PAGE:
The United Nations Population Fund (UNFPA) has donated medical equipment to Mercy Women’s Catholic Hospital in Mankessim, Central Region to support the hospital’s efforts in repairing women with obstetric fistula. The equipment includes patient monitors, suction machines, microscopes, hospital beds, lockers, trolleys and bed sheets.
Obstetric fistula is a devastating childbirth injury that causes incontinence of urine or faeces. The equipment will enable the Fistula Unit of the hospital to improve the lives of women who are experiencing this injury. According to the Country Representative of UNFPA, Dr Wilfred Ochan, about 1.8 percent of every 1,000 births develop fistula but only 100 women are repaired in a year. He called for surgical campaigns and outreaches to augment routine surgical repairs in order to clear the backlog of cases.
Dr Ochan also stressed the need for increased partnership to support the provision of services for fistula victims. The UNFPA has been supporting the National Obstetric Fistula Programme in various capacities, including providing financial support for surgical repairs of survivors, building the capacity of surgeons, equipping facilities, and engaging in advocacy on obstetric fistula.
The acting Medical Director of the hospital, Dr Silas Amponsah, said the hospital’s fistula unit caters for patients from all over the country with the majority from the northern parts of the country. He appealed for support to enable the hospital to expand and upgrade the structure housing the unit so that more fistula patients can benefit from their services.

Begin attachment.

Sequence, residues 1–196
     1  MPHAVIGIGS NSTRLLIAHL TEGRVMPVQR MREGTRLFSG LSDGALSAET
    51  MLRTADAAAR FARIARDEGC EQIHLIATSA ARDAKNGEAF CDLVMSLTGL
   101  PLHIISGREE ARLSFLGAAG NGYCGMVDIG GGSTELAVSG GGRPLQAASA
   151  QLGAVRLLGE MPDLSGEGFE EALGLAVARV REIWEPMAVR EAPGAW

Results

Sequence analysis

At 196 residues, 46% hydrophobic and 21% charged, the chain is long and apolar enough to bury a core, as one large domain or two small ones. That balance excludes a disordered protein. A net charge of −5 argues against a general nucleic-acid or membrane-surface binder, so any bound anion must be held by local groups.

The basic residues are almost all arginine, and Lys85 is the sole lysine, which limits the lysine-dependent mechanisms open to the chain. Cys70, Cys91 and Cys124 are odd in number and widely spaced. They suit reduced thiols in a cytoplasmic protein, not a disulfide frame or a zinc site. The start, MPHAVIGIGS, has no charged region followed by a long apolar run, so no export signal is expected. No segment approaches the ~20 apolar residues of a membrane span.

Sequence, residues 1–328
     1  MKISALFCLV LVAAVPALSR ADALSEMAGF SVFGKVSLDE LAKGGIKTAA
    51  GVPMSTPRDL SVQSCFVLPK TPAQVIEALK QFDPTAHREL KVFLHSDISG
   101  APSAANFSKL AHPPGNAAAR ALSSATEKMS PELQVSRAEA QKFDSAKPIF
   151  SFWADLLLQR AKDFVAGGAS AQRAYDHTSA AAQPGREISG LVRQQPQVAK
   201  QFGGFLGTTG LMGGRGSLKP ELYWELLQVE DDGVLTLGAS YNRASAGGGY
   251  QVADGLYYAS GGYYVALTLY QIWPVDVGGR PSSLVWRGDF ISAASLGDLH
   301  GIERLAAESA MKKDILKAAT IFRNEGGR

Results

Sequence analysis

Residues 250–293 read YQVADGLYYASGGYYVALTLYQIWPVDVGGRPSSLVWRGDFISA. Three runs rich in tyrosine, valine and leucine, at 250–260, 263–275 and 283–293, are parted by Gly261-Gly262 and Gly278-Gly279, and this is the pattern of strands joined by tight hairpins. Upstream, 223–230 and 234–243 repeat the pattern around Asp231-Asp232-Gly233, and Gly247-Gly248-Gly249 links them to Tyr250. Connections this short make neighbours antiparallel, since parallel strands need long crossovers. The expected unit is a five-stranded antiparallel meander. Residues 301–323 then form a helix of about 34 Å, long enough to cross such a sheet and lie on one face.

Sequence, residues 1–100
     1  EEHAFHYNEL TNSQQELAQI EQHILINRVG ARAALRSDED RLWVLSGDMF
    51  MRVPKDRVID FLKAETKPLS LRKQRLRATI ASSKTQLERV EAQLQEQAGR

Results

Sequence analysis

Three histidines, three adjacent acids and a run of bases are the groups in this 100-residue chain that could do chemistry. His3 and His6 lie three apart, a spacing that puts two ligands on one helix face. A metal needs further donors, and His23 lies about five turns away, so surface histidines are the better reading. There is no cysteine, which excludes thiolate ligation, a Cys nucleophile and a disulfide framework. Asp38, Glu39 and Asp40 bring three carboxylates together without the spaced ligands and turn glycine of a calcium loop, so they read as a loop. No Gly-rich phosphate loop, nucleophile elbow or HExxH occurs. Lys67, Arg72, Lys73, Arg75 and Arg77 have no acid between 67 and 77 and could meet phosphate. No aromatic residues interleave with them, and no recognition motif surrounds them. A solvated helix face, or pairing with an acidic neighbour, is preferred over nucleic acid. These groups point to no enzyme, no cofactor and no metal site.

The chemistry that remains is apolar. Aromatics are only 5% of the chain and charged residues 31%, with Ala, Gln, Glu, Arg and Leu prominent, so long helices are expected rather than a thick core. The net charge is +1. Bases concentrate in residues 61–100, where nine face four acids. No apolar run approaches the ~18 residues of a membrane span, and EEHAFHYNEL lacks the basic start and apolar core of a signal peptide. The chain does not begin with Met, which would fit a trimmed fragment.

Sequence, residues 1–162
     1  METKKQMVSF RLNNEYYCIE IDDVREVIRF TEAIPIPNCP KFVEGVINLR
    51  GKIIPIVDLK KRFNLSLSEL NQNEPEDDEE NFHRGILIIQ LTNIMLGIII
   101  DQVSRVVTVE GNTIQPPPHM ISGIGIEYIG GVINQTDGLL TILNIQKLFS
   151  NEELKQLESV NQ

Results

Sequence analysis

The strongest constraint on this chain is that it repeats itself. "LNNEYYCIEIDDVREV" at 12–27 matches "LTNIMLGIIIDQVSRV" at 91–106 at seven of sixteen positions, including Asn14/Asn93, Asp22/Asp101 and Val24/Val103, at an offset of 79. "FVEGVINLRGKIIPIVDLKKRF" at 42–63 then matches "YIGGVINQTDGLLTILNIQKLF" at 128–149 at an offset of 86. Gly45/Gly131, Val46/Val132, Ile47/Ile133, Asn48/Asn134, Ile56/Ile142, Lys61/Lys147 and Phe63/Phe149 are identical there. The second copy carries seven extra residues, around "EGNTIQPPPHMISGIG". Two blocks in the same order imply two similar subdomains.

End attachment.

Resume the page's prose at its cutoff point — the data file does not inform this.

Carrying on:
The acting Nursing Manager of the hospital, Ms Rose Mantey, indicated that the greatest challenge facing the unit was funding as “fistula repair which costs about GHC5, 500 is offered free of charge to the women. This includes surgery, feeding and two weeks admission.” Currently, the hospital has 25 women waiting to be repaired and they call them in as they receive funding from their benefactors. She appealed to corporate institutions and the public for support.
Dr Joseph Langa Berko, a surgeon and a specialist at the hospital, said that fistula repairs are largely successful with only a 20 per cent failure rate. He explained that the failures may occur due to late reportage, severity of the fistula, or when the patient is malnourished, in which case they do not heal very well. He gave the assurance, however, that these cases undergo a second surgery to repair their fistula.
In his statement, Dr Ochan applauded the management and staff of Mercy Women’s Hospital for their contribution to ending the plight of women with obstetric fistula in Ghana and beyond. He also called for increased effort to upgrade the skills and expertise of surgeons in fistula repairs to reduce the current failure rate of surgery.
The UNFPA representative stated that “the donation of this equipment represents a significant investment in the health and well-being of women and girls living with obstetric fistula, and it is a tangible expression of our commitment to supporting the rights and restoring the dignity of all women and girls”.